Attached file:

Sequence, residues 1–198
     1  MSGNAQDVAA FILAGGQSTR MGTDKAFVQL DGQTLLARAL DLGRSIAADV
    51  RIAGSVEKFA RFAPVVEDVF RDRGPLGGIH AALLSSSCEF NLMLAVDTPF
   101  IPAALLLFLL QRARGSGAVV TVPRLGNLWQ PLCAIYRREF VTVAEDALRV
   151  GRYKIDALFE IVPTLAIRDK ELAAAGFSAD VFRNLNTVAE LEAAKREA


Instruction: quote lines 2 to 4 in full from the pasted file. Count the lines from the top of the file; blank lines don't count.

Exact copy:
     1  MSGNAQDVAA FILAGGQSTR MGTDKAFVQL DGQTLLARAL DLGRSIAADV
    51  RIAGSVEKFA RFAPVVEDVF RDRGPLGGIH AALLSSSCEF NLMLAVDTPF
   101  IPAALLLFLL QRARGSGAVV TVPRLGNLWQ PLCAIYRREF VTVAEDALRV